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Birth of a Salesman: Pitching Social Security (washingtonpost.com):
"But some of the country's most celebrated hawkers marvel at Bush's gift for selling. They rave about how he connects and inspires. With exclamation points!"
Interesting. I'm not a marketing genius by any stretch but it seems to me that the two political parties take opposite approaches to their policy goals.
The Republicans set about to create a demand for their product.
The Democrats set about to meet what they see as a demand.
So it seems that Bush will pull some policy agenda out of his ass, like say, attacking Iraq, that nobody thought was even on the radar and set about selling that policy to the Americans with his marketing team.
War on Iraq : Now Solves 20% More Terror Than Previous War on Afghanistan!!!
The Democrats on the other hand seem to look at what their constituents want and fashion an agenda to emcompass as many of those wants as possible.
I've learned a thing or two about salesmanship since getting my current job. Much of what gets sold is driven by need. People come into a store looking for a product. They generally know what they want and may just need a little help finding it. That's a very small part what I do. What I get judged on is my ability to create a demand for the products that the company wishes to sell once the customer comes in the door. I have to create a demand for a good or a service where none existed. And it works. People leave the store with more than what they meant to buy. Part of it comes from raising awareness of a need that they didn't know existed. The rest is creating a demand for a product that they might not even want.
The "best" salesman will not only get you to buy more than you want, but you'll shake their hand and thank them for doing so.
I've worked with such guys, and its an amazing sight to see. I'm not so good at it. I lack the natural charisma to really make people fall in love with me on the spot and put their trust in my words. I have to win people over with my knowledge.
I expect that if I can explain the benefits of a product best, answer any questions the customer has and assuage any doubts about the purchase I can win someone's trust and they'll give me the benefit of the doubt as I present them with add-on sales.
I only go so far as to explain the benefits of a good or service. I leave it up to them to decide if they want to buy it or not. This means that I can only ever be an average salesman, but I'm ok with that. I don't place much self worth in what I do to make money.
I gauge my self worth mainly by the number of comments I get on this blog.
I've been thinking for a long while that Bush is the pitchman for a set of policy goals that have already been sketched out by others. You see the very latest in marketing strategies employed to sell the president's agenda items. They work very hard to control the message. They repeat, repeat, repeat. And they work very hard to tie their proposals into a greater sense of your own identity.
Much of salesmanship is creating a story. Here's how this product is going to make your life better. Here's how it fits into the image that you've created for yourself. Its not unlike how Apple pushes the iPod as the essential accessory to a hip lifestyle. Not unlike how truckmakers try to integrate their brand into the image of "toughness" and "manhood".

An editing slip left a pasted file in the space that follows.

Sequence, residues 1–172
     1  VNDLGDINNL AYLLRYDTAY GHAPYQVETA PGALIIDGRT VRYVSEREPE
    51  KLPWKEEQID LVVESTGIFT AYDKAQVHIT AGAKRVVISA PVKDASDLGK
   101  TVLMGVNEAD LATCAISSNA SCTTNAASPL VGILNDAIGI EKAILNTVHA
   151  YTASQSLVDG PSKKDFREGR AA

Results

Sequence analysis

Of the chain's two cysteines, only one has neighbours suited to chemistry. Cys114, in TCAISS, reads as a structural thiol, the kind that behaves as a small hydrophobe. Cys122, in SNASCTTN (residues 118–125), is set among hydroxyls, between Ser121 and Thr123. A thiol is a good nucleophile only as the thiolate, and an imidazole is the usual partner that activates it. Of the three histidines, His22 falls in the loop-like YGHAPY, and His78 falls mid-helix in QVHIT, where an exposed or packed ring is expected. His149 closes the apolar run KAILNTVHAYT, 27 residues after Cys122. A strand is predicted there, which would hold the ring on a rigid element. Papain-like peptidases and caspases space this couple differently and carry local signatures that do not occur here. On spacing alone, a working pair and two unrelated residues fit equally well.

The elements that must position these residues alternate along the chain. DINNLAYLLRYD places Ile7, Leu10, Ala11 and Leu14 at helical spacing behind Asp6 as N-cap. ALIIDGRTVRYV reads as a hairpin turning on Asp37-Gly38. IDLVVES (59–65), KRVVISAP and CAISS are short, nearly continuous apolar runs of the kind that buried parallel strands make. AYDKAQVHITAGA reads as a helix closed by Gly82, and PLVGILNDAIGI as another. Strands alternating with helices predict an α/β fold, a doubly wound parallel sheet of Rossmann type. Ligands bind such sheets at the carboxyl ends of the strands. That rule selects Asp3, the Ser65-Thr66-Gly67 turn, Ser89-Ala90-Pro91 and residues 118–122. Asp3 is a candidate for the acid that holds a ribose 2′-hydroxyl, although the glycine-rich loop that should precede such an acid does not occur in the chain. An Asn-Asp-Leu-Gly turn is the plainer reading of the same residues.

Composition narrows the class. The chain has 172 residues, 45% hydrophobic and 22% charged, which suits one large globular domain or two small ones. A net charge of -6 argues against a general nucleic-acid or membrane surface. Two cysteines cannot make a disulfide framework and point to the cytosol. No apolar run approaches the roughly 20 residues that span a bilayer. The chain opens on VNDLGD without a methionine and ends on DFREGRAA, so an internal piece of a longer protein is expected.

A recent Saturn ad campaign suggested in one commercial that buying a sensible SUV was like becoming your father. The message: "You're a good parent now. See how you take your kids to little league!" was a bit obnoxious even for a car commercial. The other commercial, the one with the young girl, equated the car buying decision with finding the right man. "I'm happy now, I've got a man and Saturn!".
I find it fascinating and highly disturbing that politics and consumer marketing have found such common ground. Being a Democrat or a Republican is no longer just a matter of picking the party that best represents your interests, its about brand loyalty. You've probably heard that old saying, that goes "If at 18 you are not a Democrat you don't have a heart, If at 30 you are not Republican you don't have a brain."
I would add that if your loyal to either party you're just a rube waiting to be taken. I often wonder why more people aren't registered Independent.
For the record, I am.
Voting for a Republican does not make you more grown up, voting for a Democrat does not make you more compassionate, and buying a iPod doesn't make you any cooler (Case in point, I have an iPod, I am still as uncool as ever!). They're all just decisions that should be driven, not by some blind loyalty to brand or party, but by your own need.
That's the way I see it at least.
When I hear Bush speak or I see him on an interview I can't help but see a salesman trying to trick people with feel good language like "ownership society" and "personal accounts". I see such attempts to manipulate people on par with the little fake sticky note that was attached to a recent offer for internet service. It said "Hey, this offer ends soon, you better hurry - Terry"
Or my other favorite, a five dollar check, that when cashed, would enroll me in a program that would "reward" me with 2% back on a new credit card. I could "earn" up to $1000.
Oh wow.. I can't wait, to chuck that junk into the trash.
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